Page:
In certain cases, a court will order a witness (and his attorney) not to discuss what happened in the GJ, but that is rare. Also, GJ witnesses with immunity or plea aggreements often have a secrecy clause in the agreement….

    But generally, witnesses are free to talk about what they know and what they don’t know.

  62. 62
    Kay says:


    You wonder why they don’t see the plain unfairness of it- that the Trump Administration can attack Mueller personally- his integrity- and Mueller can’t speak and defend himself. It was the same thing with the federal judge Trump attacked. These people are BARRED from addressing the attacks, and media have no problem allowing a platform for one side knowing there won’t be any defense. That’s where Comey’s (giant) ego came into play. It wasn’t about “transparency”- it was about James Comey wanting to defend himself so breaking rules to do so.

  63. 63
    Starfish says:

    @Kay: Remember, in the Clinton campaign, they got an intern. Getting low-level staffers gives them access to more information that lets them go after higher value systems and targets.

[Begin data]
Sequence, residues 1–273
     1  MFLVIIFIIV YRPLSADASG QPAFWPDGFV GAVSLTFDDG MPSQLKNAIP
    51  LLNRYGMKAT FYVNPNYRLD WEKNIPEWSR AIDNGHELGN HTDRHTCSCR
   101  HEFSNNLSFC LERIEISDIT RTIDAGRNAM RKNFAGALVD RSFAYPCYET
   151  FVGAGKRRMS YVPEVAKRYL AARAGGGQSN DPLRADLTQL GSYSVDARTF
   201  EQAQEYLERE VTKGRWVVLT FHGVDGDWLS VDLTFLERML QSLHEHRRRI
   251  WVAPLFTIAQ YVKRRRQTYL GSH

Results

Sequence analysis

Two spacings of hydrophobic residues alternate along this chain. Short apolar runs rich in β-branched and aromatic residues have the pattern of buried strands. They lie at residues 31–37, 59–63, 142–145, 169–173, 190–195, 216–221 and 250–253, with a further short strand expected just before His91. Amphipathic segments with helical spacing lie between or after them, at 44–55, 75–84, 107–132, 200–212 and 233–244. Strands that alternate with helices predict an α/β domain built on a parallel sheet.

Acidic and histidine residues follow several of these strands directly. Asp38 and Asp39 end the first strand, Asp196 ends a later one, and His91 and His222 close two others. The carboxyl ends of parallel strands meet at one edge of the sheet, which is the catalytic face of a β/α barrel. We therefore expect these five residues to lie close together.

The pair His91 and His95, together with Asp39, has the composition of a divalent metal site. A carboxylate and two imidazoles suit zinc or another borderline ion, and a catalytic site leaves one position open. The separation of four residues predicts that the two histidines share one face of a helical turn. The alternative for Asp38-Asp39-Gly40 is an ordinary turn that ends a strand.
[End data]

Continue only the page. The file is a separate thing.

64. 64
    captnkurt says:

    In the Dumbfellas poster up there, can someone explain “That DRE” to me?

  65. 65
    JPL says:

    @Baud: I agree, and someone needs to inform the president of that.

  66. 66
    rikyrah says:

    However bad your day is going… it’s gotta be doing better than Paul Manafort’s 😄😄😄


  67. 67
    MattF says:

    @rikyrah: Manafort got away with it until Donald Trump showed up. I wouldn’t exactly give Trump credit for that, but there is something about Trump’s hiring criteria.

  68. 68
    Kay says:


    Yeah, they’re eager to please and don’t have experience so they would take directions easily. I don’t think I’d communicate using email. You could get around it. The problem isn’t the hacking so much- it’s how the emails will be presented- as secret communications full of malicious trickery. There’s the problem that the release is one-sided too- no one saw Trump campaign emails and this is a choice between two candidates, not an unlimited number of candidates. If one side’s emails are stolen and released and the other sides are not it’s not a fair fight. There’s nothing to compare them to- no context.

  69. 69
    clay says:


    Still, with all that, I think his (life) sentence was ludicrous- INSANELY harsh. The US should cut sentences in half across the board.